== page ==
Tuesday, October 21, 2003

The post below is on the Saint Patrick's community blog. I am beginning a series of posts to outline the meaning of missional commuity.

Saint Patrick's mission is to be a missional community in the Anglican Tradition. Has a nice ring to it, but what does it actually mean to be a missional community? Good question. Over the next days and weeks I will putting up some posts that help explain what this notion of missional community is. Today's post is necessarily a bit general so I can lay some groundwork. In the next days and weeks we will look at concrete examples of what it means to be a missional community.

Missional Community, pt. 1

In most of our experience a church is a place where people go to get their spiritual needs met. Visitors and members are like customers. The biggest churches are those that do the best job of meeting people's needs in the most efficient and attactive way possible. This reality is found in conservative and liberal churches; protestant and catholic; mainline and fundamentalist. In these settings mission is about creating the most effective set of experiences and programs so that people are drawn to these settings and they grow. I call this the marketing approach.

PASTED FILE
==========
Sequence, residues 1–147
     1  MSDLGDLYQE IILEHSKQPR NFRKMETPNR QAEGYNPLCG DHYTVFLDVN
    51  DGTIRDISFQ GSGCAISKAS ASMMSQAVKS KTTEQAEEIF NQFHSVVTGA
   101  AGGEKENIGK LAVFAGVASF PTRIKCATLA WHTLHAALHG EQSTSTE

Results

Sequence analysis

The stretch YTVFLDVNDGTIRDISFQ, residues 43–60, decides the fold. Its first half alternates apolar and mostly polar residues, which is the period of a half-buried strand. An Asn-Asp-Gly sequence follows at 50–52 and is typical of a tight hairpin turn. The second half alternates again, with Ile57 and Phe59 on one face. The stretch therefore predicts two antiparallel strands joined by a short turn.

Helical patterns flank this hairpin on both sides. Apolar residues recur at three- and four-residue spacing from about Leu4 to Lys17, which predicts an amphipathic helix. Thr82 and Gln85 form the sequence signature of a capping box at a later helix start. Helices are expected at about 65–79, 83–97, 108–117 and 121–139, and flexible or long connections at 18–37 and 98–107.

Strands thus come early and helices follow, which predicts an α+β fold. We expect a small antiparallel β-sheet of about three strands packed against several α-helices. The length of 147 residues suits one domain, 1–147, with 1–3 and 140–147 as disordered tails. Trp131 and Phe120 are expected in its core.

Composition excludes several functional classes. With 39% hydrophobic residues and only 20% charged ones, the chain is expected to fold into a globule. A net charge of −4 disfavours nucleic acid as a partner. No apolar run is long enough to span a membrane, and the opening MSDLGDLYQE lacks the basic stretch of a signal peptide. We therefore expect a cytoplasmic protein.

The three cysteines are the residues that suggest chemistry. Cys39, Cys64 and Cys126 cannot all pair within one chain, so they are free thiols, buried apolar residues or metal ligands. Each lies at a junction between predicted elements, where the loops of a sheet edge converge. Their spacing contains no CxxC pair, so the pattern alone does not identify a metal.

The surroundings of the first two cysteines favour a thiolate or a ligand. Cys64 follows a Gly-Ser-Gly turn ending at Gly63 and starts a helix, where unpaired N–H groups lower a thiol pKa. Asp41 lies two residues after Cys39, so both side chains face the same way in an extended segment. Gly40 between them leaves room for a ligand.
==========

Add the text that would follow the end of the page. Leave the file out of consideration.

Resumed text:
A missional community aims its attention in a different direction. The focus in a missional community is about forming people who can serve their world in the name of Jesus Christ. The church's institutional side (worship, discipleship, children's ministry, etc.) isn't about creating cool programs that attract more and more people. These things are put into place to make us the kind of people who can live out the values of the kingdom of God in all arenas of life.

So, at Saint Pat's we are not as concerned about whether our meeting location is in the most marketable portion of Lexington and we are not concerned about whether our worship is "cool" and seeker friendly (whether the seekers like country music or Bach fugues). We are concerned about being an incubator for disciples to be formed that can live missional lives. By the way, according to the New Testament, this is normal Christianity.

More later . . . ..

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